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Am J Pathol. 2005 Feb;166(2):443-53.

The HLA-A2 restricted T cell epitope HCV core 35-44 stabilizes HLA-E expression and inhibits cytolysis mediated by natural killer cells.

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Department of Internal Medicine I, University of Bonn, Sigmund-Freud-Strasse 25, D-53105 Bonn, Germany.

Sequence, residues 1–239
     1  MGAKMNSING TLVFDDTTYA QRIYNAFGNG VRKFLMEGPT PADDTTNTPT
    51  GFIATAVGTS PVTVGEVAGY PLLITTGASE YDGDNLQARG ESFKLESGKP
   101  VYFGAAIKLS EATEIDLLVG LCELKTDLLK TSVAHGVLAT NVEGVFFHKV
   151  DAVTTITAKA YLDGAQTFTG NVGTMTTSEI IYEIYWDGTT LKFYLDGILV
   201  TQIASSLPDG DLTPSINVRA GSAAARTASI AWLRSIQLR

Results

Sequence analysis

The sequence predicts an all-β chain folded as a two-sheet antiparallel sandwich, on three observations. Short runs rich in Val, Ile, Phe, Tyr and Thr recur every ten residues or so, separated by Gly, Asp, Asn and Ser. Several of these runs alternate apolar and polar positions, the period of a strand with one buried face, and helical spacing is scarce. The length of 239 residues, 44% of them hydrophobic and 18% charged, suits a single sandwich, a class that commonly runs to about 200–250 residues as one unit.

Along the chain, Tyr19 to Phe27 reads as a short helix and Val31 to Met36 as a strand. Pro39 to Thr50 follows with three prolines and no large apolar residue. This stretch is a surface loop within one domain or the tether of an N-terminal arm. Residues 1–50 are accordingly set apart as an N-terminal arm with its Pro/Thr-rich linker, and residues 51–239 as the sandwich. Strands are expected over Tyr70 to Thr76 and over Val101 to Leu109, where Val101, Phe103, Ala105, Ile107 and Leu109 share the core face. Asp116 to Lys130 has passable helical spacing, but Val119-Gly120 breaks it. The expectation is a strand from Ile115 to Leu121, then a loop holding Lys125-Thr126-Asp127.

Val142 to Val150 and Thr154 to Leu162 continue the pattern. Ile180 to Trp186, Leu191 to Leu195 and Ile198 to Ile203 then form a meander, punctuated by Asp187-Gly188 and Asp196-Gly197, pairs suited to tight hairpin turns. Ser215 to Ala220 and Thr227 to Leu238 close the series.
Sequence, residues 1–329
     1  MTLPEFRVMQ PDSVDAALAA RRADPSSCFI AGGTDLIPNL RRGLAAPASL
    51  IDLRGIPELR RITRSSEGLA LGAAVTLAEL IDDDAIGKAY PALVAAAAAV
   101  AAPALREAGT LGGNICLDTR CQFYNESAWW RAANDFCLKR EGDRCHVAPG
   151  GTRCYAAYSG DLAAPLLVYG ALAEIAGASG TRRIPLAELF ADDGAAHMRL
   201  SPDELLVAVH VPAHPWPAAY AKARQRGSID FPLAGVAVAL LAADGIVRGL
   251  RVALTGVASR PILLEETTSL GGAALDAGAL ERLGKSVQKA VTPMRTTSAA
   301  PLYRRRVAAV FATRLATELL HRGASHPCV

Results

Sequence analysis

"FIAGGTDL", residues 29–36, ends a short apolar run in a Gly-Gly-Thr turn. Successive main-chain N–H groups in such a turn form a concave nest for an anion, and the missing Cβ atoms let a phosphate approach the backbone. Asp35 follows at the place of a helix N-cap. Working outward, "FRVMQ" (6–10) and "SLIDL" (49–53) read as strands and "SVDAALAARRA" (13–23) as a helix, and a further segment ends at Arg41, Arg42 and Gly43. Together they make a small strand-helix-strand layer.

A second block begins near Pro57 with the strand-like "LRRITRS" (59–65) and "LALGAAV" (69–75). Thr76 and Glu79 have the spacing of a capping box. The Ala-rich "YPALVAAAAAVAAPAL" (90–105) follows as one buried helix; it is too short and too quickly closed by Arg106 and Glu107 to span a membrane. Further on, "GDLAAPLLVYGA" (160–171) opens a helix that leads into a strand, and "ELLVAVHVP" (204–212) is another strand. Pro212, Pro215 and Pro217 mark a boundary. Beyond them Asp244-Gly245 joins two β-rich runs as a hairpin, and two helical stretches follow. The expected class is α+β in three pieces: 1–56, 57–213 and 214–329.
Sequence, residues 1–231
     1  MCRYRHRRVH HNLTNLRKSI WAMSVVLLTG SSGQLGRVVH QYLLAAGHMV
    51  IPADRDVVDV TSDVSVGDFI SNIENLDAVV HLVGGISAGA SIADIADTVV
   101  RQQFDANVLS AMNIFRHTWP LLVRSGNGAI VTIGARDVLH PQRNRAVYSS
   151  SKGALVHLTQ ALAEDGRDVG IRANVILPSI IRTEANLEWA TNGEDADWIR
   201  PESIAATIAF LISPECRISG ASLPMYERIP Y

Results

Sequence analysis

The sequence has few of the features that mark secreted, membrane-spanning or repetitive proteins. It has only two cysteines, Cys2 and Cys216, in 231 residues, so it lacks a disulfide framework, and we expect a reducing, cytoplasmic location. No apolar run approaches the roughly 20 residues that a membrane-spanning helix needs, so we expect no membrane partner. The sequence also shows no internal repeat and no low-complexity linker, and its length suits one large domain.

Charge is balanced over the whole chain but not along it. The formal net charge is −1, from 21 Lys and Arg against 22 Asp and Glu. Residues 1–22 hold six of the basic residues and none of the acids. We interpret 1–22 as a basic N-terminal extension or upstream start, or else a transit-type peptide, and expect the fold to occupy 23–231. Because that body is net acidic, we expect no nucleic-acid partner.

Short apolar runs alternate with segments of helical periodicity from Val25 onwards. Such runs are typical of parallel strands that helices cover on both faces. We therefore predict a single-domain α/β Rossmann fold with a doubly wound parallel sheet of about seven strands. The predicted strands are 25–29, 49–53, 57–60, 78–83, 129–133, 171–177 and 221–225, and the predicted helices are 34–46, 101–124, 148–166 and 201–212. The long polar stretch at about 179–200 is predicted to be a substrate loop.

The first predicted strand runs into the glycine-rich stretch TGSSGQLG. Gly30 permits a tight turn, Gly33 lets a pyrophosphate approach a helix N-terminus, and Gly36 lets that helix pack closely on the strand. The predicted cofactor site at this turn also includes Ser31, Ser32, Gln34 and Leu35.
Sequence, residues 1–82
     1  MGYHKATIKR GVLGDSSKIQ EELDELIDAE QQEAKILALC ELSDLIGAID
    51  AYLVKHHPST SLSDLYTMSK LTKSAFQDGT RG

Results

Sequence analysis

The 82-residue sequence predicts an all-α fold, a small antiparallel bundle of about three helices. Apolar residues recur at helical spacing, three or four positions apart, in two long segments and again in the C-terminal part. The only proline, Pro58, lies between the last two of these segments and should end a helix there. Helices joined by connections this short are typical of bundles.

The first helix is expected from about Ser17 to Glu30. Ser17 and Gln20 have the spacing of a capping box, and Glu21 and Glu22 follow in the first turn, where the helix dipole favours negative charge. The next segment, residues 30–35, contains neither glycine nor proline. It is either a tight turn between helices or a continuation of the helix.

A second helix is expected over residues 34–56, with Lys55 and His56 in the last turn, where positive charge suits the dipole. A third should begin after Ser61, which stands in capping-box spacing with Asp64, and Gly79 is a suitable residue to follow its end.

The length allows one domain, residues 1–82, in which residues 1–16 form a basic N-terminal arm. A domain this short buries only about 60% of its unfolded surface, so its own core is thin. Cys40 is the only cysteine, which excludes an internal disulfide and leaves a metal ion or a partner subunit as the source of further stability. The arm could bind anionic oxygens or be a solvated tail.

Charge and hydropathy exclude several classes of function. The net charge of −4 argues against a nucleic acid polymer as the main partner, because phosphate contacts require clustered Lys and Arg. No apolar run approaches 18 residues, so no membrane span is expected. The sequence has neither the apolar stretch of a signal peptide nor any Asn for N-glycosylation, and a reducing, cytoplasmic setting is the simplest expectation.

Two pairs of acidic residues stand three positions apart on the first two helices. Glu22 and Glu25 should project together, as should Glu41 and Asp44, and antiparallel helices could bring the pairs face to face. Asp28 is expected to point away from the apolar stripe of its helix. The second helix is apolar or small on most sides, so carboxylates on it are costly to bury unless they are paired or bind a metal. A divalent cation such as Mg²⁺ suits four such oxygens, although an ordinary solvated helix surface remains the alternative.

Impaired activity of natural killer cells has been proposed as a mechanism contributing to viral persistence in hepatitis C virus (HCV) infection. Natural cytotoxicity is regulated by interactions of HLA-E with inhibitory CD94/NKG2A receptors on natural killer (NK) cells. Here, we studied whether HCV core encodes peptides that bind to HLA-E and inhibit natural cytotoxicity. We analyzed 30 HCV core-derived peptides. Peptide-induced stabilization of HLA-E expression was measured flow cytometrically after incubating HLA-E-transfected cells with peptides. NK cell function was studied with a (51)chromium-release-assay. Intrahepatic HLA-E expression was analyzed by an indirect immunoperoxidase technique and flow cytometry of isolated cells using a HLA-E-specific antibody. We identified peptide aa35-44, a well-characterized HLA-A2 restricted T cell epitope, as a peptide stabilizing HLA-E expression and thereby inhibiting NK cell-mediated lysis. Blocking experiments confirmed that this inhibitory effect of peptide aa35-44 on natural cytotoxicity was mediated via interactions between CD94/NKG2A receptors and enhanced HLA-E expression. In line with these in vitro data we found enhanced intrahepatic HLA-E expression on antigen-presenting cells in HCV-infected patients. Our data indicate the existence of T cell epitopes that can be recognized by HLA-A2 and HLA-E. This dual recognition may contribute to viral persistence in hepatitis C.

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